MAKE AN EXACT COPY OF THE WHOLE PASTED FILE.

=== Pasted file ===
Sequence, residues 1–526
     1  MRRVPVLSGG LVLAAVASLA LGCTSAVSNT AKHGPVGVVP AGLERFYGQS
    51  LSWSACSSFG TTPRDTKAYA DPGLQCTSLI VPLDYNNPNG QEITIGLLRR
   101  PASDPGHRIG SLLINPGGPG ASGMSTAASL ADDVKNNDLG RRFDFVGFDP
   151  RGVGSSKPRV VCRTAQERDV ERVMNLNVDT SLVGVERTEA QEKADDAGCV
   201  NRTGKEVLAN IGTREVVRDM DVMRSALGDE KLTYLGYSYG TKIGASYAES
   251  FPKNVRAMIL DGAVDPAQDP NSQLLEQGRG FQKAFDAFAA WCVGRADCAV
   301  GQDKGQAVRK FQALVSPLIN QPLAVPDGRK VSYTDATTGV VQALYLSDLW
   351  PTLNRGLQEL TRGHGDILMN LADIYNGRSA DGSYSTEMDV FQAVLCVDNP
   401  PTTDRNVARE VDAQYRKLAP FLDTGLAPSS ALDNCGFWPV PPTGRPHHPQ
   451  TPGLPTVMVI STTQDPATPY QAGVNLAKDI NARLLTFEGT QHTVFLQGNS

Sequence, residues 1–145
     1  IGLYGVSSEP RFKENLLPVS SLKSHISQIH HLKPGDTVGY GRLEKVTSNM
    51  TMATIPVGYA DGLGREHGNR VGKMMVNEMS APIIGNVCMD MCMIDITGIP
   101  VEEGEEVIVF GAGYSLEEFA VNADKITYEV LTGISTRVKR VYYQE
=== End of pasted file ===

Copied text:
Sequence, residues 1–526
     1  MRRVPVLSGG LVLAAVASLA LGCTSAVSNT AKHGPVGVVP AGLERFYGQS
    51  LSWSACSSFG TTPRDTKAYA DPGLQCTSLI VPLDYNNPNG QEITIGLLRR
   101  PASDPGHRIG SLLINPGGPG ASGMSTAASL ADDVKNNDLG RRFDFVGFDP
   151  RGVGSSKPRV VCRTAQERDV ERVMNLNVDT SLVGVERTEA QEKADDAGCV
   201  NRTGKEVLAN IGTREVVRDM DVMRSALGDE KLTYLGYSYG TKIGASYAES
   251  FPKNVRAMIL DGAVDPAQDP NSQLLEQGRG FQKAFDAFAA WCVGRADCAV
   301  GQDKGQAVRK FQALVSPLIN QPLAVPDGRK VSYTDATTGV VQALYLSDLW
   351  PTLNRGLQEL TRGHGDILMN LADIYNGRSA DGSYSTEMDV FQAVLCVDNP
   401  PTTDRNVARE VDAQYRKLAP FLDTGLAPSS ALDNCGFWPV PPTGRPHHPQ
   451  TPGLPTVMVI STTQDPATPY QAGVNLAKDI NARLLTFEGT QHTVFLQGNS

Sequence, residues 1–145
     1  IGLYGVSSEP RFKENLLPVS SLKSHISQIH HLKPGDTVGY GRLEKVTSNM
    51  TMATIPVGYA DGLGREHGNR VGKMMVNEMS APIIGNVCMD MCMIDITGIP
   101  VEEGEEVIVF GAGYSLEEFA VNADKITYEV LTGISTRVKR VYYQE